immigrant field workers related to Mt. Olive Pickle Company, the
largest pickle company in the South. We also committed to work for a
Living Wage ordinance for Columbus, which would guarantee that
workers for the city and for companies that contract with the city
earn a decent wage, free to join a union, and receive health care
benefits. We have reached out to unions and community groups for
support. In January, we are holding another strategy meeting. We are
trying to develop a long-term strategy for building democratic
socialism in Central Ohio. George Boas, Secretary

Twin Cities DSA
contact: Dan Frankot (612) 224-8262

There is an active cadre of 20 members. Executive meeting are held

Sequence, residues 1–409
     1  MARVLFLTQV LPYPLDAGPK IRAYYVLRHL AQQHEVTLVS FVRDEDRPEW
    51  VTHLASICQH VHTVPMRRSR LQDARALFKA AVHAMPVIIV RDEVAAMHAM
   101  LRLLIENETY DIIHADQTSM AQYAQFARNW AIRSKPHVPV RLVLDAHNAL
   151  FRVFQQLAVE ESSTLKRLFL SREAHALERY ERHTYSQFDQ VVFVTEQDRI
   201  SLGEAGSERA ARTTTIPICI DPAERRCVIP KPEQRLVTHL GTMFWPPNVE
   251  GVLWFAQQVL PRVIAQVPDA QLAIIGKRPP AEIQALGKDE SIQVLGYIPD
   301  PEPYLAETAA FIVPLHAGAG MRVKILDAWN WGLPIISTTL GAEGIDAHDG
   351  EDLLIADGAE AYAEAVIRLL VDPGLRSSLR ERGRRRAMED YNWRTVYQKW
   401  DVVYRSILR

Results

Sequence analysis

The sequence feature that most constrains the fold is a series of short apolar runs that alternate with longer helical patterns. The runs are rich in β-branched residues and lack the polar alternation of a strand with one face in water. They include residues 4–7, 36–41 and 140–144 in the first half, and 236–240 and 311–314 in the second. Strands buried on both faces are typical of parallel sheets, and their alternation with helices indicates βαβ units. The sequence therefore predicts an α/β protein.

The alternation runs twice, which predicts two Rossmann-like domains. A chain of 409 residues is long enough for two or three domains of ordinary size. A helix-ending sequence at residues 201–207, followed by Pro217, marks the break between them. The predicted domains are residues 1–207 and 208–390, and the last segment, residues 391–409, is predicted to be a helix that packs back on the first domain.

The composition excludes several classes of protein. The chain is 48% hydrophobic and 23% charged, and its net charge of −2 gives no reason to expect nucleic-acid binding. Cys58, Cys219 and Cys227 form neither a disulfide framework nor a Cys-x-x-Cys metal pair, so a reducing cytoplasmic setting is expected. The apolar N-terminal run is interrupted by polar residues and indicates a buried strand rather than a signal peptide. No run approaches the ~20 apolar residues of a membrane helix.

monthly. Recent political activism centered around the support of
Hubert Humphrey III of the Democratic Farm-Labor Party for U.S. Senate
who unfortunately lost. Activities on political education have focused
around the work of two DSA professors: Stephan Peter and Mike Mitchell.
They created the Center for European Experience which is designed to
promote the ideas of social democracy. Forums have centered on programs
such as National Health and Co-Determinism. Peter is a member of the
German Social Democratic Party and Mitchell is a member of the Labour
Party. D.F.

National DSA Update

National DSA is presently going through an organizational crisis. The
primarily problem is financial. DSA is broke. Alan Charney resigned as
National Director in mid year and present Director, Chris Riddiough,
will resign effective 1-1-99. The NPC is taking action to remedy the
situation and is in search of a new National Director. Moreover staff